The leather subculture denotes practices and styles of dress organized around sexual activities and eroticism ("kink"). Wearing leather garments is one way that participants in this culture self-consciously distinguish themselves from mainstream sexual cultures. Leather culture is most visible in gay communities and most often associated with gay men ("leathermen"), but it is also reflected in various ways in the gay, lesbian, bisexual, and straight worlds. Many people associate leather culture with BDSM (Bondage/Discipline, Dominance/Submission, Sado/Masochism, also called "SM" or "S&M") practices and its many subcultures. But for others, wearing black leather clothing is an erotic fashion that expresses heightened masculinity or the appropriation of sexual power; love of motorcycles and independence; and/or engagement in sexual kink or leather fetishism.
Gay male leather culture has existed since the late 1940s, when it likely grew out of post-WWII biker culture. Early gay leather bars were subcultural versions of the motorcycle club. Pioneering gay motorcycle clubs included Satyr, established in Los Angeles in 1954; Oedipus, also established in Los Angeles, and the New York Motorbike Club. Early San Francisco clubs included the Warlocks and the California Motor Club.
These clubs, like the motorcycle culture in general, reflected a disaffection with the mainstream culture of post-World War II America, a disaffection whose notoriety---and therefore appeal---expanded after the sensationalized news coverage of the Hollister "riot" of 1947. The 1953 film The Wild One starring Marlon Brando wearing jeans, a T-shirt, a leather jacket, and muir cap, played on pop-cultural fascination with the Hollister "riot" and promoted an image of masculine independence that resonated with some gay men in a culture which stereotyped gay men as effeminate. To that end, gay motorcycle culture also reflected some men's disaffection with the coexistent gay cultures more organized around passing, high culture, popular culture (especially musical theater), and/or camp. Perhaps as a result, the leather community that emerged from the motorcycle clubs also became the practical and symbolic location for gay men's open exploration of kink and S&M.
The more specifically homoerotic aesthetics of men's leather culture drew on other sources as well, including military and police uniforms. This influence is particular evident in the graphical illustrations of leathermen found in the work of Tom of Finland. The pornographic films of one of his models Peter Berlin, such as his 1973 film Nights in Black Leather, also reflected and promoted the leather subcultural aesthetic.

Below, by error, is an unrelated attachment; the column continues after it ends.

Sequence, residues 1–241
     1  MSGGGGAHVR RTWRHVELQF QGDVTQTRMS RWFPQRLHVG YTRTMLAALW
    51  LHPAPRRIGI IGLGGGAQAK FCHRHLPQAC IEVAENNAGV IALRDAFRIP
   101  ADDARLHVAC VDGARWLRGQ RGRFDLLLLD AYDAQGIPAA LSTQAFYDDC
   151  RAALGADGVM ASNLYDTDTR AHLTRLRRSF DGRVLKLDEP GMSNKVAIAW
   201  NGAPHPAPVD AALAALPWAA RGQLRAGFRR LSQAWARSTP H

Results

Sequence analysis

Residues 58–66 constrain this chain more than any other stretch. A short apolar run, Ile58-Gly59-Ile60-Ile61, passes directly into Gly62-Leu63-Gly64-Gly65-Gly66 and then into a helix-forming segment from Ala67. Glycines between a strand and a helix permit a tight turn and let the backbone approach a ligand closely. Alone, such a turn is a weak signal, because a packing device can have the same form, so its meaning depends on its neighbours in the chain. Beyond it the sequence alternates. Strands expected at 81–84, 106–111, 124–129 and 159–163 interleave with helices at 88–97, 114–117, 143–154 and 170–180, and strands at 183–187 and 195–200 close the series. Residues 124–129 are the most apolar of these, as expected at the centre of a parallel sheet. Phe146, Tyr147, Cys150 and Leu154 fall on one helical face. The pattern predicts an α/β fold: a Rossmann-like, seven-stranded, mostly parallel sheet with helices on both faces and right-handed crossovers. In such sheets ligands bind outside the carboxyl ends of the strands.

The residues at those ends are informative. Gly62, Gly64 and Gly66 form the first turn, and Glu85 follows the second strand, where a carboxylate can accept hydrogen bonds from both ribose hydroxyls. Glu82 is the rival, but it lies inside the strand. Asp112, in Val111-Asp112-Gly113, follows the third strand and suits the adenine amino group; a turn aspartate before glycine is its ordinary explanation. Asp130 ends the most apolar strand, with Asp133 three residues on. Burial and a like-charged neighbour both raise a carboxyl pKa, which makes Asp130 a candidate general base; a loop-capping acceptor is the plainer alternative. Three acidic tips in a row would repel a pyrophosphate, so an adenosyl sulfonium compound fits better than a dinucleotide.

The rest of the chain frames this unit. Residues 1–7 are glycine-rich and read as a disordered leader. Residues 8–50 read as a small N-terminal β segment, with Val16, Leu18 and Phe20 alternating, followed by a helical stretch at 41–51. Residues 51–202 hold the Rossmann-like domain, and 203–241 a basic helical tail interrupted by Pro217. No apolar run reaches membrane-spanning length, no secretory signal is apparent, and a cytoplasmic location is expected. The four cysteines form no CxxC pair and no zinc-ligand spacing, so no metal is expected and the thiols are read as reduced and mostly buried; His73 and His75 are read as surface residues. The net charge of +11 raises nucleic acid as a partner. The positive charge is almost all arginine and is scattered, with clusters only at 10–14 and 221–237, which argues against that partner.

Styles of dress associated with gay men's leather culture also had influence on mainstream pop culture. It may be seen in the chains and leather or denim and leather look espoused by heavy metal bands. The first practitioner of this look in a heavy metal context was Rob Halford, the lead singer of the influential NWOBHM band Judas Priest. Halford wore a leather costume on stage as early as 1978, a look he described as originating in the gay leather subculture. The subsequent influence of his costume may be seen in many metal bands, particularly in the widespread and creative appropriation of the codpiece in metal rockers' costumes.
Aspects of leather culture beyond the sartorial can also be see in the 1970 murder mystery novel "Cruising" by Jay Green. The novel was the basis for the 1980 movie "Cruising," which depicted aspects of the men's leather subculture for a wider audience.
And lastly, perhaps no figure has more vividly represented the leather subculture in the popular imagination than the leatherman portrayed by Glenn Hughes of the Village People.
In recent decades the leather community has been considered a subset of BDSM culture rather than a descendant of gay culture. Even so, the most visibly organized SM community has been a subculture of the gay community, as evidenced by the International Mr. Leather organization. Meanwhile, other subcultures have likewise appropriated various leather fashions and practices.